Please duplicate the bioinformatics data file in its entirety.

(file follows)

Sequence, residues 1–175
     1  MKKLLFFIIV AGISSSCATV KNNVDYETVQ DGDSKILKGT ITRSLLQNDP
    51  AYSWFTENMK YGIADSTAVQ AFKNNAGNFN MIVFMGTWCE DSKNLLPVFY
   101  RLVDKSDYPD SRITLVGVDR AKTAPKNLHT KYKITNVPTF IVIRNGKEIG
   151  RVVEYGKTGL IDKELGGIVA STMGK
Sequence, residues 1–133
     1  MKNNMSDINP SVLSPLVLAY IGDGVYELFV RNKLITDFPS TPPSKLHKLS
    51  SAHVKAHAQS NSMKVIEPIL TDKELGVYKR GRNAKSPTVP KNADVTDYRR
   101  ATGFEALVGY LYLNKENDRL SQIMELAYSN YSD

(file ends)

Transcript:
Sequence, residues 1–175
     1  MKKLLFFIIV AGISSSCATV KNNVDYETVQ DGDSKILKGT ITRSLLQNDP
    51  AYSWFTENMK YGIADSTAVQ AFKNNAGNFN MIVFMGTWCE DSKNLLPVFY
   101  RLVDKSDYPD SRITLVGVDR AKTAPKNLHT KYKITNVPTF IVIRNGKEIG
   151  RVVEYGKTGL IDKELGGIVA STMGK
Sequence, residues 1–133
     1  MKNNMSDINP SVLSPLVLAY IGDGVYELFV RNKLITDFPS TPPSKLHKLS
    51  SAHVKAHAQS NSMKVIEPIL TDKELGVYKR GRNAKSPTVP KNADVTDYRR
   101  ATGFEALVGY LYLNKENDRL SQIMELAYSN YSD